Welcome to the restoration tutorials from the "classic" irebuildmarantz.com website. These how-to guides have encouraged and enabled countless newbies to rebuild their own Marantz stereos, myself included. Some of the methods shown would not be considered best practices today, but the guides are still useful after all these years. Thanks to Robert D. Bowdish for creating them. 
irebuildmarantz.com is a terrific place to find parts for your 2245
Marantz 2245 All LED Kit with vellum diffuser Reproduction feet for your Marantz 2245 Replacement power switch for Marantz 2245
2245 All LED Kit Reproduction feet Power switch

Shipping to the US, Canada, and Europe.

Model: 2245

This page will get you started on rebuilding/restoring your Marantz receiver!

The intention of this site is to show how to replace the old electrolytic capacitors in Marantz receivers that have likely dried up over the years to restore proper functionality. This site will also show the proper steps to perform bias and DC idle current adjustments on the Marantz 2245 receiver.

I will be repairing a 2245 model in the following photos but you should be able to do virtually any Marantz receiver by generally following this guide, however the bias settings we will be performing and the parts we will be replacing are tailored to the 2245.

Just to let you know, I am an electronic technician and engineer and have been working in the broadcast equipment manufacturing sector for over 20 years, so you can rest assured that I know what I am doing. I have restored and/or repaired hundreds of electronics devices over the years. I've worked on and personally aligned audio equipment for places like Skywalker Sound in Marin County, CA, Paul Allen's offices in Seattle, WA, Bill Gate's residence in Redmond, WA, just to name a few. You are in good hands here :-)

I will be assuming that you know how to solder and desolder on printed circuit boards, have basic understanding of electronics and electronic components and the tools shown below, and have a decent amount of common sense. I hope I haven't assumed too much. If you have questions or get stuck somewhere, just email me here info@irebuildmarantz.com Use the word "marantz " somewhere in your subject line so the spam blocker doesn't eat your message, and I will do my best to help you.

PLEASE PLEASE PLEASE, if you are headed out the door right now to buy your first soldering iron and solder with the idea that you are going to learn how to solder and repair your Marantz from this website, STOP RIGHT THERE!! Do not attemp any of the repairs on any page in this website if you have not previously had extensive soldering experience. Now, you do not have to be a full fledged engineer to work on your receiver, you do have to know how to produce very solid solder connections, however, and that only comes with plenty of soldering experience. You can very easily destroy your receiver or at least make it worse than it was by simply not knowing how to solder properly, not knowing how to use soldering tools effectively, not using the correct type of solder, the correct type of iron, the correct temperature, etc. If you still think you can do this project as a first time electronics experience, email me first and let's talk about it, BUT BY NO MEANS REMOVE ANY COVER OF THE RECEIVER, OK?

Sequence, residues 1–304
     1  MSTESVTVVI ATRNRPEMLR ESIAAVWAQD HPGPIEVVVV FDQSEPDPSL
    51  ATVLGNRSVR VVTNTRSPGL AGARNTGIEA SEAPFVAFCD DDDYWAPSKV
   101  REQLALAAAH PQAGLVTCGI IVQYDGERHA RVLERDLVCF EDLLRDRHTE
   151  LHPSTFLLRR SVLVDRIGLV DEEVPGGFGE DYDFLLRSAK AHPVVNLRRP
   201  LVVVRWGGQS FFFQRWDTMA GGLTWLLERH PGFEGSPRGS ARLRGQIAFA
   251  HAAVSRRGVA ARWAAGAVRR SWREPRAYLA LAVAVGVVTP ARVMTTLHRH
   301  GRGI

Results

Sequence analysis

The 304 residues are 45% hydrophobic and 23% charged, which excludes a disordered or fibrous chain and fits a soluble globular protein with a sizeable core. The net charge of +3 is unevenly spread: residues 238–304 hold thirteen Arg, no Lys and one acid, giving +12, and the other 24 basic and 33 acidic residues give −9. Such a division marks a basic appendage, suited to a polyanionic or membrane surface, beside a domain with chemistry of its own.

Moving on....

A service manual PDF scan for most models (complete with schematics and parts list) are available for download for free at HiFiEngine.com. High quality paid scans are available for a modest cost from vintage-electronics.net.

Dried up capacitor

(a note about bad caps)





Your Tools:
Soldering Iron
Multimeter (DVM)

Solder Remover
Solder Wick
This is ok, too
But this is NOT ok
Here are the parts you will need: Although the 2245 has many capacitors, usually only the electrolytics go bad after a few years. The most important ones are the ones that provide filtering for the power supply and the power amplifiers. So, rather than a list being shown here, I am suggesting only a handful of capacitors to be replaced. I replace with same value capacitance, 105c rated, at one level higher voltage than original (10V-->25V, 25V-->35, etc.). Parts are easily obtained here: www.mouser.com

Also get a pair of the main filter capacitors: 6800 @55VDC and you may want to get a speaker protection relay also: OEM part is Omron LY2-0-DC24

Ok, before we get started a few words: First and foremost, DO NOT ATTEMPT TO REPAIR YOUR RECEIVER WHILE IT IS PLUGGED INTO THE WALL. You would be surprised at how easy it is to forget to unplug the unit and how many people get zapped these days. Next, don't fool yourself. If you don't have the tools or know-how to unsolder and resolder new parts into a printed circuit board, you are best to leave these repairs to someone who does. You could easily make scrap out of your Marantz by not knowing what you are doing. Make sure your solder is NOT acid core. Take that roll and put it with your plumbing stuff and go get some good rosin core solder (or mildly active, organic flux solder is best). Not sure? ask me: info@irebuildmarantz.com use the subject "Marantz questions". Personally, I use a quality eutectic solder (63/37) with rosin flux (yes, it IS important!). Eutectic solder has the narrowest plastic range which yields the best connections with hand repair work. You however might like to use silver solder in your work. Nice call you HIFI tweak! ;-)